Aprotinin - A rather simple protein! Carbon in grey, Nitrogen in purple, Oygen in red

Amino acids – Essential or not?

So you better get your amino acids, right?

We need the amino acids in our nutrition to build the proteins in our bodies. They can be found in animal or plant-based protein. We eat the protein, our body cuts it down and separates the different amino acids and then we build up the protein that we currently need in our body. Simple as that…

However, not all amino acids have the same priority for our bodies. In fact, we can produce most of the amino acids on our own, without adding them via nutrition. There are only 9 amino acids that we cannot produce in our bodies. These amino acids must be consumed with our nutrition. If we do not eat enough of them, we develop deficiencies and serious diseases. Our muscle, brain, or nervous system can stop working, our immune system breaks down, etc. System error! Period!

The nine essential amino acids are Histidine, Isoleucine, Leucine, Lysine, Methionine, Phenylalanine, Threonine, Tryptophan, and Valine. These are the VIPs of amino acids. We need to make sure that we consume enough of them to make sure our body works properly. However, do not worry too much! We are talking about 0.3 – 2.7 g for an average person per day (or 300 – 2.700 mg).

Amino acid(s) WHO mg per kg body weight WHO mg per 70 kg
L Leucine 39 2730
K Lysine 30 2100
V Valine 26 1820
F Phenylalanine 25 1750
I Isoleucine 20 1400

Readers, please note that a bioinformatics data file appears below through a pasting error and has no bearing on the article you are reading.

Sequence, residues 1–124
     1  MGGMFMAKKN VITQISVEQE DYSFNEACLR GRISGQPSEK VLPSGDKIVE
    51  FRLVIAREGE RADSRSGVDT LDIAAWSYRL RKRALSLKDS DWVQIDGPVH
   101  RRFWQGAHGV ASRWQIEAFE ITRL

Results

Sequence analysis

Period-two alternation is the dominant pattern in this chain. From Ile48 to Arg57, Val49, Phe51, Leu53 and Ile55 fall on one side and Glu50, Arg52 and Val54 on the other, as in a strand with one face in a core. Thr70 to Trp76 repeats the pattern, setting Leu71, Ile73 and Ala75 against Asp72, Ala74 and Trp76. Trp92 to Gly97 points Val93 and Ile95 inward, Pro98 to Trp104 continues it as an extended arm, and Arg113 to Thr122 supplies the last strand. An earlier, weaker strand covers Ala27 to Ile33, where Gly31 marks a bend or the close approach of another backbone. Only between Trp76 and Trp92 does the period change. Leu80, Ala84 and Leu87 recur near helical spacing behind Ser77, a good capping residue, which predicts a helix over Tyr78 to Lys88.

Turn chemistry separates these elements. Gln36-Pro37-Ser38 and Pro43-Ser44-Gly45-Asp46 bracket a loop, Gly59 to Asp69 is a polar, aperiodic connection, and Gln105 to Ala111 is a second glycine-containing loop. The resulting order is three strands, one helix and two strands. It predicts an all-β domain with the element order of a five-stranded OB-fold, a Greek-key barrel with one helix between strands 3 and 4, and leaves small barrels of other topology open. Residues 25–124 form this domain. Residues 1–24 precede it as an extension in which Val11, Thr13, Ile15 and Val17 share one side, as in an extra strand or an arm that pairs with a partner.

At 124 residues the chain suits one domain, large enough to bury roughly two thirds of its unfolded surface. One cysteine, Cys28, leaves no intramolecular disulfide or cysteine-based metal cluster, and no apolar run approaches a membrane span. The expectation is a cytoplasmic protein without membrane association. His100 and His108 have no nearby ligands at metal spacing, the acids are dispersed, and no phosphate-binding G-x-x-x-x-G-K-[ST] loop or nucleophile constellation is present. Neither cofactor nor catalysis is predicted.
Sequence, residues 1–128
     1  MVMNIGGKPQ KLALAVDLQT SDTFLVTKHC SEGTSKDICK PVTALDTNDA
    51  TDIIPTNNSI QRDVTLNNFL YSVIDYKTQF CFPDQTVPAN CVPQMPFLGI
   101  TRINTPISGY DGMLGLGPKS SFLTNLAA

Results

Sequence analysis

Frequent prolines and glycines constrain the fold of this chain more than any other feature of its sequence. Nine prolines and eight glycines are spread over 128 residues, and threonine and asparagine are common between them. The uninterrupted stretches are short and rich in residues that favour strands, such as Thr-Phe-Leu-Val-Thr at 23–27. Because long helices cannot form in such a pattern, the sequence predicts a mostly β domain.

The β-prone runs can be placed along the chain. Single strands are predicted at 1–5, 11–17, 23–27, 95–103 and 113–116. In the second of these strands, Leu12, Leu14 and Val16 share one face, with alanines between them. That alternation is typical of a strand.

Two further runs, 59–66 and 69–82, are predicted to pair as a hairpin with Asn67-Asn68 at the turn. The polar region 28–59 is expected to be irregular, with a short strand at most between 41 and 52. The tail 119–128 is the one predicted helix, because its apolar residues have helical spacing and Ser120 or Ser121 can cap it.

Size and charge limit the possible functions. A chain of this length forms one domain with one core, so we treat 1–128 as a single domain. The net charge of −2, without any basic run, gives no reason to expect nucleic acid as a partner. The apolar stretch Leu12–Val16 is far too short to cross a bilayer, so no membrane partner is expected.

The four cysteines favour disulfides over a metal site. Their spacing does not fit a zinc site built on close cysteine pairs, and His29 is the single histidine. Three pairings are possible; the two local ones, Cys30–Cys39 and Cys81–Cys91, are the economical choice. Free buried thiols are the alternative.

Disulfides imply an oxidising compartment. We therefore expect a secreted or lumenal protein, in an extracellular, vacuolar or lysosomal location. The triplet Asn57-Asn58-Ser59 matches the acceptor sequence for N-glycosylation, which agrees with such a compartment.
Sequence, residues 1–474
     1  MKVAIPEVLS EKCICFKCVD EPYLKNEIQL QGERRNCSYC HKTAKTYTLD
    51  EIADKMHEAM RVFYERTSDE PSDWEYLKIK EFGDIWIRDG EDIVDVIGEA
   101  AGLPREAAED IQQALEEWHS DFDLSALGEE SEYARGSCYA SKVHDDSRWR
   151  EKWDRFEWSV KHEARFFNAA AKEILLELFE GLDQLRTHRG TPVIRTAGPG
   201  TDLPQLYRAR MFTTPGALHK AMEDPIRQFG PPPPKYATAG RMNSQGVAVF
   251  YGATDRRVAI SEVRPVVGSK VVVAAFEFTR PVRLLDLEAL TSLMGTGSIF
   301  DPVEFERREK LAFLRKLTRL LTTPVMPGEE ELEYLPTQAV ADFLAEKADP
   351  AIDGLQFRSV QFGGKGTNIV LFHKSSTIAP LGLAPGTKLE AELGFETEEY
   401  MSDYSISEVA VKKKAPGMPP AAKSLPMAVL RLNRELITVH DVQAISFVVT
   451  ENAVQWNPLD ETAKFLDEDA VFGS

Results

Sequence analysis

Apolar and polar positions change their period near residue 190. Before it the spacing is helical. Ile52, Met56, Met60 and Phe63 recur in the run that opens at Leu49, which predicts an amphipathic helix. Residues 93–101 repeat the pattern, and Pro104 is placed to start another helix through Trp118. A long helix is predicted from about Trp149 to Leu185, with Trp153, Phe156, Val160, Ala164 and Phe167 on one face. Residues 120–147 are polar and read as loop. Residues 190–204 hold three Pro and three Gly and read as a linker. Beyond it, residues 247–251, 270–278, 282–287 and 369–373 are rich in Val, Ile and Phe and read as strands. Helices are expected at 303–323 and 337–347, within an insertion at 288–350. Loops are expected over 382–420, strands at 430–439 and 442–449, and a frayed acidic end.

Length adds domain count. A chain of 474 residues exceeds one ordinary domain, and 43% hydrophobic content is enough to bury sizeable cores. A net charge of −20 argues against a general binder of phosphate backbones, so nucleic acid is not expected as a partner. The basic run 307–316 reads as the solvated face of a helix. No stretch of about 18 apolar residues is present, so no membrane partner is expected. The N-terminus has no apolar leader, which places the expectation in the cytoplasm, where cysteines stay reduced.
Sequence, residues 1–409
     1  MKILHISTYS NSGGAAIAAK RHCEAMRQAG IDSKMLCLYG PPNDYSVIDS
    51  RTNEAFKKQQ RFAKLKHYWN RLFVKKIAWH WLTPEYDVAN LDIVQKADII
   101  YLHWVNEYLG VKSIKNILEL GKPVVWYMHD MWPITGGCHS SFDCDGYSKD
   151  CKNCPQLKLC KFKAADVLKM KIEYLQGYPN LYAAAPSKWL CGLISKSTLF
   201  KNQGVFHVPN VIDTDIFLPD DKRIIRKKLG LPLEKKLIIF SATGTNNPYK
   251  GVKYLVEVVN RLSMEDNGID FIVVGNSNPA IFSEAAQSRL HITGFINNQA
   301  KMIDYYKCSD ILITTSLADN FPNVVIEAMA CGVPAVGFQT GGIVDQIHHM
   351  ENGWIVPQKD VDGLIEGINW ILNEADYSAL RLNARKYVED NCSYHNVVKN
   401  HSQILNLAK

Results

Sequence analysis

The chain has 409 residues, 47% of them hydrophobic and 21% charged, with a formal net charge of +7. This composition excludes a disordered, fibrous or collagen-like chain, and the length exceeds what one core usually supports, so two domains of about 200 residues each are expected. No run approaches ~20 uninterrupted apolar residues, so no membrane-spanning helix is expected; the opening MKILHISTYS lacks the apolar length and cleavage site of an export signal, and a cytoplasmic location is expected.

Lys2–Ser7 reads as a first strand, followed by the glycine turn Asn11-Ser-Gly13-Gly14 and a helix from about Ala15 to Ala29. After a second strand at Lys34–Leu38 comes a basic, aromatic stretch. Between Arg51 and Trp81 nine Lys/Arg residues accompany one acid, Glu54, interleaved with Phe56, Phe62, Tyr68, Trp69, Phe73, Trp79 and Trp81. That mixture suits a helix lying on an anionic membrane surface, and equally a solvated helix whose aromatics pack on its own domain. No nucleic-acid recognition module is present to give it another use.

M Methionine 15 1050
T Threonine 15 1050
H Histidine 10 700
W Tryptophan 4 280

 The recommendation for protein intake in total is 0.8 g per kg of bodyweight, which means 46g for an average woman or 56g for an average man. If you can meet the recommendation for protein, you should not have any issues getting enough of your essential amino acids.

Amino Acids - Acids with an atitude!

Healthy natural sources for protein & amino acids:

Now that we know why we need protein and what essential amino acids are crucial for our body we can go to have a look at the different sources for these compounds. We will show you 5 healthy protein sources that include all essential amino acids and we will give you an approximate composition list for each food.

1. Lean Chicken Breast

White meat is a great source of protein. You will find plenty of essential amino acids. If you have a medium-sized chicken breast as lunch, you will meet the major part of the daily needs for almost all essential amino acids. And keep in mind this is only one meal!